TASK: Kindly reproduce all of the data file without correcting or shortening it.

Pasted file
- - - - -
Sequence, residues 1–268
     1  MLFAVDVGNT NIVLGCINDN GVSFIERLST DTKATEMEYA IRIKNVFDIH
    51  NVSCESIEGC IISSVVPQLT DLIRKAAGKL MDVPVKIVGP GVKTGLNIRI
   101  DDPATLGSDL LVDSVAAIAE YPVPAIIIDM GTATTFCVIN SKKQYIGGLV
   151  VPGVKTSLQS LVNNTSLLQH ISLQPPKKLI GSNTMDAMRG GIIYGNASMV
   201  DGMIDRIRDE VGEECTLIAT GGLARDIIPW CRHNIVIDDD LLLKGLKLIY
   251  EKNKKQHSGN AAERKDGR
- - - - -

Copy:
Sequence, residues 1–268
     1  MLFAVDVGNT NIVLGCINDN GVSFIERLST DTKATEMEYA IRIKNVFDIH
    51  NVSCESIEGC IISSVVPQLT DLIRKAAGKL MDVPVKIVGP GVKTGLNIRI
   101  DDPATLGSDL LVDSVAAIAE YPVPAIIIDM GTATTFCVIN SKKQYIGGLV
   151  VPGVKTSLQS LVNNTSLLQH ISLQPPKKLI GSNTMDAMRG GIIYGNASMV
   201  DGMIDRIRDE VGEECTLIAT GGLARDIIPW CRHNIVIDDD LLLKGLKLIY
   251  EKNKKQHSGN AAERKDGR